Across all these studies, some significant themes begin to emerge:

  • There is strong growth in health IT adoption, especially core health IT functions, including documentation, electronic ordering, and e-prescribing.
  • Adoption of more advanced tools—like health information exchange and patient engagement—is less prevalent but growing and will likely grow even further in the coming years under incentives in Stage 2 of the EHR Incentive Program.
  • There is growing evidence that health IT has positive effects on quality and patient safety with temporary negative effects on the efficiency of health care delivery.
  • The effects of health IT are notably influenced by various organizational, environmental, and financial factors—especially the availability of technical assistance.

While these studies offer promising glimpses into the adoption and use of health IT, more research is still needed into the effects of health IT on measures of health care quality and cost, the role of health IT in new models of health care delivery, and the adoption and effects of newer forms of health IT. Some questions of interest include the following: How much will adoption and use of HIE and patient portals grow under Stage 2 Meaningful Use, and will they have a positive impact on processes and outcomes? How well will EHR-enabled providers perform in new care coordination projects like patient-centered medical homes and accountable care organizations, with or without REC assistance? How efficient are practices several years after EHR adoption?

In summary, the assembled studies provide critical evidence regarding health IT adoption and use. The promise of health IT is still very much alive and, with appropriate research elucidating critical success factors, we can implement changes to maximize the potential value of health information technology.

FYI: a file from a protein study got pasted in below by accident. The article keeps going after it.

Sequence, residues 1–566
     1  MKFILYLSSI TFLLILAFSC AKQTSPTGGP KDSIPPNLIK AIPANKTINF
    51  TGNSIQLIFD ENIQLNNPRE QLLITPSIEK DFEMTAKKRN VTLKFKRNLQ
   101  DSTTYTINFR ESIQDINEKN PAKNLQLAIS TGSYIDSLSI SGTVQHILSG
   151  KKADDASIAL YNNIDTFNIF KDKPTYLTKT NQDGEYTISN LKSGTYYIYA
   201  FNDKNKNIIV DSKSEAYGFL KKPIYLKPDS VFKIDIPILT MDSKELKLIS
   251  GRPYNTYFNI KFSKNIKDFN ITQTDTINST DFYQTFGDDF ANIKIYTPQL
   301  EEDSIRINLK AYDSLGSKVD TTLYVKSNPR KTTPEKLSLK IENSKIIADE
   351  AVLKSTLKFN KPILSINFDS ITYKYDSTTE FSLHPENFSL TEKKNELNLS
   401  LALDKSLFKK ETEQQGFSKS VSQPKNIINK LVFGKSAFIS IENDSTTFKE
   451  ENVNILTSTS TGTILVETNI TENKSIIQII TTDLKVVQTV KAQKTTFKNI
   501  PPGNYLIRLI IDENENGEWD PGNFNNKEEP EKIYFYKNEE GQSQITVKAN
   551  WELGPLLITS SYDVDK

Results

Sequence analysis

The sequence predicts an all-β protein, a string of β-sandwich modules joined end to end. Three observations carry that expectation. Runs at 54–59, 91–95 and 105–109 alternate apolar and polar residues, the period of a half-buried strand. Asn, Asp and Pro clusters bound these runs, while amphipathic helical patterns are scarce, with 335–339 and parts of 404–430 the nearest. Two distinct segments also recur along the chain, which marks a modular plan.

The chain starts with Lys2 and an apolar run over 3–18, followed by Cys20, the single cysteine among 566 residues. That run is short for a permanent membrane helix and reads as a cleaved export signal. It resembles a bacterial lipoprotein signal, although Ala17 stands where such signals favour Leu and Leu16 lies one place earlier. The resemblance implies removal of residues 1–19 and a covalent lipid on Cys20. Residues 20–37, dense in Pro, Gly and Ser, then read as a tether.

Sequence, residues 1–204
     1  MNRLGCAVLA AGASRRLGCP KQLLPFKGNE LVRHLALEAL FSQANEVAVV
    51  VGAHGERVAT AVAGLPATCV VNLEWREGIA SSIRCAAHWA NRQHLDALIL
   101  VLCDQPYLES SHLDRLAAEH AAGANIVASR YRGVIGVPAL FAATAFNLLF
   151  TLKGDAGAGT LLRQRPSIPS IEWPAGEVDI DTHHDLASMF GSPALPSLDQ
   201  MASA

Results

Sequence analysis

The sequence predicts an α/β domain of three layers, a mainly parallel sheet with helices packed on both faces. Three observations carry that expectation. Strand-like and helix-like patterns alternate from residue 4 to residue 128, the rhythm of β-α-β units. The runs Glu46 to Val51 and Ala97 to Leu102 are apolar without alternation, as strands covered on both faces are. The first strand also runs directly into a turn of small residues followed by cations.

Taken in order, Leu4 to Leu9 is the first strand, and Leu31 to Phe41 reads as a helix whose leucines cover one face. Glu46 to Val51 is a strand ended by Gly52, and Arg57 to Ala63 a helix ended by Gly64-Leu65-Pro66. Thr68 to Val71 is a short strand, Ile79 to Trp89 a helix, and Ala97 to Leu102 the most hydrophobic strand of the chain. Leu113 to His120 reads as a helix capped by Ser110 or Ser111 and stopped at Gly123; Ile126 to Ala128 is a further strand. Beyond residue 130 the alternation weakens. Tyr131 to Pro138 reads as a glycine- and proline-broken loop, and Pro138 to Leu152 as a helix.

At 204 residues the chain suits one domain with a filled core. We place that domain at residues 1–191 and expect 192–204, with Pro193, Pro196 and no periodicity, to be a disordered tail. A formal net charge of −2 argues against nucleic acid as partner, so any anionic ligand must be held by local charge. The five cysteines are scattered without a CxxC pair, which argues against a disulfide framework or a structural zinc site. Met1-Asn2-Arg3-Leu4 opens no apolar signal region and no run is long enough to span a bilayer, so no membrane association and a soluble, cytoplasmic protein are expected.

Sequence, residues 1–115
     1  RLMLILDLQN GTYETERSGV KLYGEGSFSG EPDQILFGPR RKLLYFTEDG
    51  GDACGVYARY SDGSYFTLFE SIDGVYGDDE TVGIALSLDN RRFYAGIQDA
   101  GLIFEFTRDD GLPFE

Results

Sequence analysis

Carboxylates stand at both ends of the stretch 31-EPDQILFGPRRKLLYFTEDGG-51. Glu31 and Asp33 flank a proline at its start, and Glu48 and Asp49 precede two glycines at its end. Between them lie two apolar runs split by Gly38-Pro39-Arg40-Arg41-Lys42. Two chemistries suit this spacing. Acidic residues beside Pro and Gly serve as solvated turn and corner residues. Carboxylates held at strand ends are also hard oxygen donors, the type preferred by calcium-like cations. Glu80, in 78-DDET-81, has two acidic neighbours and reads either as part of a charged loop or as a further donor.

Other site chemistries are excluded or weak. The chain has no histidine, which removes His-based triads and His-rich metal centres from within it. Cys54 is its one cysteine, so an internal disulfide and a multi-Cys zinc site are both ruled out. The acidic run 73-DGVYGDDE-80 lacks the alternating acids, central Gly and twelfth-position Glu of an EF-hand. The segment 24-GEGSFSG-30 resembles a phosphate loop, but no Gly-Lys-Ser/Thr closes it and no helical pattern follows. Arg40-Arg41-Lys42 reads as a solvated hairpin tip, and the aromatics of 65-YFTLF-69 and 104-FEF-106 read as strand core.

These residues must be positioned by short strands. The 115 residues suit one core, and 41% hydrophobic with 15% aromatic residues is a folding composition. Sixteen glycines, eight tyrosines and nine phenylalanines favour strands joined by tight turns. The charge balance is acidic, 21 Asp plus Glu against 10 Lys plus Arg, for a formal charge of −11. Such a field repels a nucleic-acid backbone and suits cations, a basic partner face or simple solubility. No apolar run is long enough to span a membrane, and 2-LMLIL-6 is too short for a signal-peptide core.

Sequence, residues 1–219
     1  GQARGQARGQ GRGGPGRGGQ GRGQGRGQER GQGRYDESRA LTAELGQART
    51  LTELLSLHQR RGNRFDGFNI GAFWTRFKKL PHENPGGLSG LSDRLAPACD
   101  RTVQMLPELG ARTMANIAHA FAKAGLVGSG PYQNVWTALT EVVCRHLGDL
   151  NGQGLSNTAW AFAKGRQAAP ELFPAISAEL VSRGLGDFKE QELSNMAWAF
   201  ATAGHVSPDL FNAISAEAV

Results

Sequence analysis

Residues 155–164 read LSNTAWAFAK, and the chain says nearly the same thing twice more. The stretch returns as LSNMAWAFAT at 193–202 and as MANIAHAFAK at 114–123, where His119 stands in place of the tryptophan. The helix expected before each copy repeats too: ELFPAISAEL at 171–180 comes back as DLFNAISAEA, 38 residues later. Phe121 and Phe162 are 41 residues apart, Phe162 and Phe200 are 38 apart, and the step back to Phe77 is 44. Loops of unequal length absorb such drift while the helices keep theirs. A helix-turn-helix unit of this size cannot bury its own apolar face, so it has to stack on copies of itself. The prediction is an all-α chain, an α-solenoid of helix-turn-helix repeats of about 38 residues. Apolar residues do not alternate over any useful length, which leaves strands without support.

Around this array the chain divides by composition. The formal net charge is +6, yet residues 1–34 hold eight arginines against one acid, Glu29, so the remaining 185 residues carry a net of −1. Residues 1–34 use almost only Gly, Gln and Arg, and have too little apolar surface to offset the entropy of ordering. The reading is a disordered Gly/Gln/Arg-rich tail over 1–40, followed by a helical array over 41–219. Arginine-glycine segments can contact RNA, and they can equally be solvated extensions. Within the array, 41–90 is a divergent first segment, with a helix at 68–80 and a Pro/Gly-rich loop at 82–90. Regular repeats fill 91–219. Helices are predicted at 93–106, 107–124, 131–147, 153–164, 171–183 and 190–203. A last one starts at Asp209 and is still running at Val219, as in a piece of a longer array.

References

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  2. References
  • Abramson, E. L., S. McGinnis, J. Moore, and R. Kaushal. 2013. “A Statewide Assessment of Electronic Health Record Adoption and Health Information Exchange among Nursing Homes.”Health Services Research 49 (1–2): 36172.
  • Audet, A. M., D. Squires, and M. M. Doty. 2013. “Where Are We on the Diffusion Curve? Trends and Drivers of Primary Care Physicians' Use of Health Information Technology.” Health Services Research 49 (1–2): 34760.
  • Centers for Medicare and Medicaid Services. 2013. Medicare and Medicaid Incentive Programs Payment and Registration Summary Overview – July 2013. Washington, DC: U.S. Department of Health and Human Services.
  • 111th Congress of the United States. 2009. “The American Recovery and Reinvestment Act of 2009.” Public Law 111-5 [accessed on October 31, 2013]. Available at http://www.gpo.gov/fdsys/pkg/BILLS-111hr1enr/pdf/BILLS-111hr1enr.pdf
  • DesRoches, C. M., E. G. Campbell, S. R. Rao, K. Donelan, T. G. Ferris, A. Jha, R. Kaushal, D. E. Levy, S. Rosenbaum, A. E. Shields, and D. Blumenthal. 2008. “Electronic Health Records in Ambulatory Care: A National Survey of Physicians.” New England Journal of Medicine 359 (1): 5060.
  • Fleming, N. S., E. R. Becker, S. D. Culler, D. Cheng, R. McCorkle, B. da Graca, and D. J. Ballard. 2013. “The Impact of Electronic Health Records on Workflow and Financial Measures in Primary Care Practices.” Health Services Research 49 (1–2): 40520.
  • Graetz, I., M. Reed, S. M. Shortell, T. G. Rundall, J. Bellows, and J. Hsu. 2013. “The Association between EHRs and Care Coordination Varies by Team Cohesion.” Health Services Research 49 (1–2): 43851.
  • Jha, A. K., C. M. DesRoches, E. G. Campbell, K. Donelan, S. R. Rao, T. G. Ferris, A. Shields, S. Rosenbaum, and D. Blumenthal. 2009. “Use of Electronic Health Records in U.S. Hospitals.New England Journal of Medicine 360 (16): 162838.
  • King, J., V. Patel, E. W. Jamoom, and M. F. Furukawa. 2013. “Clinical Benefits of Electronic Health Record Use: National Findings.” Health Services Research 49 (1–2): 392404.
  • Lynch, K., M. Kendall, K. Shanks, A. Haque, E. Jones, M. G. Wanis, M. Furukawa, and F. Mostashari. 2013. “The Health IT Regional Extension Center Program: Evolution and Lessons for Health Care Transformation.” Health Services Research 49 (1–2): 42137.
  • Vest, J. R., and L. M. Issel. 2013. “Factors Related to Public Health Data Sharing between Local and State Health Departments.” Health Services Research 49 (1–2): 37391.
  • Wright, A., J. Feblowitz, L. Samal, A. B. McCoy, and D. F. Sittig. 2013. “The Medicare Electronic Health Record Incentive Program: Provider Performance on Core and Menu Measures.” Health Services Research 49 (1–2): 32546.